Table 5: Recycle studies of nano-CuO for C-arylation reactiona.
RunTime (h)Yieldb (%)
1880
2878
3877
4876
[1860-5397-6-35-3]
Figure 3: Powder X-ray diffraction pattern and TEM image of recycled CuO-nanoparticles.
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Conclusion

An efficient, facile and economical method for synthesis of 3-arylpentane-2,4-diones (Table 3) and diethyl 2-aryl-malonates (Table 4) has been developed using CuO-nanoparticles as the catalyst. The products were obtained in moderate to good yields and the catalyst can be recycled up to four cycles with almost consistent activity. The present protocol represents a simple and remarkably active catalytic system to catalyze Ullmann-type C–C bond formation, which potentially offers an efficient protocol for accessing a variety of α-arylated dicarbonyl compounds.

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Experimental

General

The materials were purchased from Sigma-Aldrich and Merck and were used without further purification. Mass spectra were recorded in a TOF-mass spectrometer model no. KC455. 1H NMR and 13C NMR spectra were recorded on a Bruker spectrospin at 300 MHz and 75 MHz, respectively. All 1H NMR and 13C NMR spectra were run in CDCl3 and chemical shifts are expressed as ppm relative to internal Me4Si. Elemental analyses were performed using Heraeus CHN-Rapid Analyzer. Powder X-ray diffraction measurements were carried out on a Bruker D8 Discover HR-XRD instrument using Cu Kα radiation (λ = 1.54184 Å).

Experimental Section

CuO-nanoparticles (10 mol %) were added to the mixture of iodobenzene (1 mmol), acetylactone (3 mmol) and (0.5 mmol) of Cs2CO3 in DMSO (2 ml) under nitrogen atmosphere. The resulting reaction mixture was stirred at 80 °C for 8 h. Progress of the reaction was continuously monitored by TLC. After completion of reaction, the catalyst was recovered by centrifugation. The nanoparticles, were first washed with distilled methanol to remove some of the Cs2CO3, then several times with ethyl acetate and dried in an oven overnight at 150 °C. The filtrate was poured into 1N HCl and extracted with EtOAc. The combined organic layers were washed with brine, dried over anhydrous Na2SO4 and concentrated at reduced pressure. The residue was chromatographed to afford pure 3-phenyl-2,4-pentadione (Entry 1, Table 3). From the spectral data it was observed that some products show 1,3-keto-enol tautomerism. The structures of all the products were unambiguously established on the basis of their spectral properties (1H NMR, MS and 13C NMR).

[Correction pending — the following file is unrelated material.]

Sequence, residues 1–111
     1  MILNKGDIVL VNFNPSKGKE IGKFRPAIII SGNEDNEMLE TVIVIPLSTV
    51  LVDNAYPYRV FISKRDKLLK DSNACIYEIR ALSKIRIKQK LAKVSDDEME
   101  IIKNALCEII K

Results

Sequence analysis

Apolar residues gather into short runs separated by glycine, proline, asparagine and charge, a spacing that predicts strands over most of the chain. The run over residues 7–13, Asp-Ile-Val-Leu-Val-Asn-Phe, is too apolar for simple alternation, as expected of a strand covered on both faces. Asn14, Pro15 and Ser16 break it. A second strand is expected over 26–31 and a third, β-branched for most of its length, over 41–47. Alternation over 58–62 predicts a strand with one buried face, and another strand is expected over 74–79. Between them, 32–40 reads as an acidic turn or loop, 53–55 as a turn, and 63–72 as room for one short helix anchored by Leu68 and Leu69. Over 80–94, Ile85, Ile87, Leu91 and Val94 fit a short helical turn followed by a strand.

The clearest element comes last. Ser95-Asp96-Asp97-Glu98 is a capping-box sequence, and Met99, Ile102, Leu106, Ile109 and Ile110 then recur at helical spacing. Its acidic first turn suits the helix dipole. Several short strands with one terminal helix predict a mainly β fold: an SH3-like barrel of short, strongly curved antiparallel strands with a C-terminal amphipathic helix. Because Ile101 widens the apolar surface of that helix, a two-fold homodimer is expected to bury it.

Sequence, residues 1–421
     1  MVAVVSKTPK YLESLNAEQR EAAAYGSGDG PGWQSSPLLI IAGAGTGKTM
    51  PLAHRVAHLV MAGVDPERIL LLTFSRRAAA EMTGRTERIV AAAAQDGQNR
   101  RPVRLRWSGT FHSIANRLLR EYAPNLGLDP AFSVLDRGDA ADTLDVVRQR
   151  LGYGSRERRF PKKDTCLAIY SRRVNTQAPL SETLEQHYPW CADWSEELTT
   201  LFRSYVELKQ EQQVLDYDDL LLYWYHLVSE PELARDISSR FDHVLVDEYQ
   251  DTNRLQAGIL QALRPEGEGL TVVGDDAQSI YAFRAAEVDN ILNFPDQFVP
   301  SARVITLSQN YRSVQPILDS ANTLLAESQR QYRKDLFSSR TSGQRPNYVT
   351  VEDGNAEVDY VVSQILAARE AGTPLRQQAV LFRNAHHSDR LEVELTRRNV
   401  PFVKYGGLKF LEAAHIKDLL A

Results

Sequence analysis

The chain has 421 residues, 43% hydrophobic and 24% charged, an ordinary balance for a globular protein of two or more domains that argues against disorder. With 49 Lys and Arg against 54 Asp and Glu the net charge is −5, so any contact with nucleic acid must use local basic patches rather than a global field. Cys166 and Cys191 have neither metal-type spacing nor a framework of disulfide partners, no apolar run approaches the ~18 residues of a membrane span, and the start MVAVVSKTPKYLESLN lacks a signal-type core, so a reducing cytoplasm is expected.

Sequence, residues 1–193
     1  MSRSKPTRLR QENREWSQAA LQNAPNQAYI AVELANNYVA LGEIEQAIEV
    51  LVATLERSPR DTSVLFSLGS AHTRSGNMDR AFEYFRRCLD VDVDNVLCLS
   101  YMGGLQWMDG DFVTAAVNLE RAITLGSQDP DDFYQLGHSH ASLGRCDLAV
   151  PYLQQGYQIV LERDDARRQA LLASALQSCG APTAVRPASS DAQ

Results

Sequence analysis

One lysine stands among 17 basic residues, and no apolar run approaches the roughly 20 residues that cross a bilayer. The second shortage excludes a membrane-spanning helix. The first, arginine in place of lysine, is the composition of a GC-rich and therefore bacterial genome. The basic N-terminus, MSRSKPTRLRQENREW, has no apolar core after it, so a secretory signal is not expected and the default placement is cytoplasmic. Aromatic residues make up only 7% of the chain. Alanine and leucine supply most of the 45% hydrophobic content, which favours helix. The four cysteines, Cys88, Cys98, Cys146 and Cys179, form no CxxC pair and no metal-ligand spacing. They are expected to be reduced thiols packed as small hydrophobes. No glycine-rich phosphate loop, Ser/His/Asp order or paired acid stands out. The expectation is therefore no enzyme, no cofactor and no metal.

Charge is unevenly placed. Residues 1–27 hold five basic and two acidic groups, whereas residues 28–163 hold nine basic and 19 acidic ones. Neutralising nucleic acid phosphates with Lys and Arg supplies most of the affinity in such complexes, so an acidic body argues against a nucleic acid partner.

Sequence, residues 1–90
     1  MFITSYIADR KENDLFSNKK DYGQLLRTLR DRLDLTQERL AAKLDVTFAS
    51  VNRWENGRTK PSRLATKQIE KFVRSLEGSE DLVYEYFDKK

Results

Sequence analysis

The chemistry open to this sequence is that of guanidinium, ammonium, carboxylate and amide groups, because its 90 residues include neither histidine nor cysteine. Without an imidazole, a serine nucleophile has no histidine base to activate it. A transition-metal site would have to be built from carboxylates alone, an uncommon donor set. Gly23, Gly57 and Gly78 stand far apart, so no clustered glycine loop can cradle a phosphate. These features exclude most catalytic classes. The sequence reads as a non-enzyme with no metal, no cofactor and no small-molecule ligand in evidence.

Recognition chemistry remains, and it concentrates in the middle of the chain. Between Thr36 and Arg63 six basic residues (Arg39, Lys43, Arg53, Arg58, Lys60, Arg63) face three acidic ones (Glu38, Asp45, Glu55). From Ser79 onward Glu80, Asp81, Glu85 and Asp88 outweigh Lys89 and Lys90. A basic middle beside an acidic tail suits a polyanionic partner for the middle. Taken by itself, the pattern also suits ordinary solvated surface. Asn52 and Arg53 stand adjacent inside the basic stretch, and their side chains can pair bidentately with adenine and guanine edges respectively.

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Supporting Information

Supporting Information File 1: Typical procedure and characterization data of prepared compounds
Format: PDF   Size: 41.7 KB   Download

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Acknowledgements

Saurav Bhardwaj and Roona Poddar thank CSIR, New Delhi for providing a fellowship.

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Top
Figure 1: Powder X-ray diffraction pattern and TEM image of nano CuO (fresh). Move  Close
Figure 2: Proposed reaction pathway for the CuO-nanoparticles catalyzed C–C coupling reaction. Move  Close
Figure 3: Powder X-ray diffraction pattern and TEM image of recycled CuO-nanoparticles. Move  Close
Scheme 1: Synthesis of 3-phenylpentane-2,4-dione using CuO-nanoparticles. Move  Close
Scheme 2: Synthesis of 3-phenylpentane-2,4-dione using CuO-nanoparticles. Move  Close
Scheme 3: Synthesis of diethyl 2-aryl-malonate using CuO-nanoparticles. Move  Close
Table 1: C-arylation reaction catalyzed by different Cu catalystsa. Move  Close
EntryCatalystTime (h)Yieldb (%)
1Cu(OAc)21020
2Cu-np1010
3CuO1024
4CuO-np880
Table 2: CuO-nanoparticles catalyzed coupling reaction of acetylacetone and iodobenzene in various solventsa. Move  Close
EntrySolventTime (h)Yieldb (%)
1DMSO880
2Toluene158
3THF1512
4Acetonitrile1532
Table 3: C-arylation of acetylacetone using different aryl halidesa Move  Close
EntryAryl halideProductTime (h)Yieldb (%)
1iodobenzene3-phenylpentane-2,4-dione880
2bromobenzene3-phenylpentane-2,4-dione1079
3p-nitroiodobenzene3-(4-nitrophenyl)-pentane-2,4-dione683
4p-methyliodobenzene3-p-tolylpentane-2,4-dione1078
5m-trifluoromethyliodobenzene3-(3-trifluromethyl-phenyl)-pentane-2,4-dione781
61-iodo-2-methylbenzene3-o-tolyl-pentane-2,4-dione1176
71-iodo-4-methoxybenzene3-(4-methoxy-phenyl)-pentane-2,4-dione1275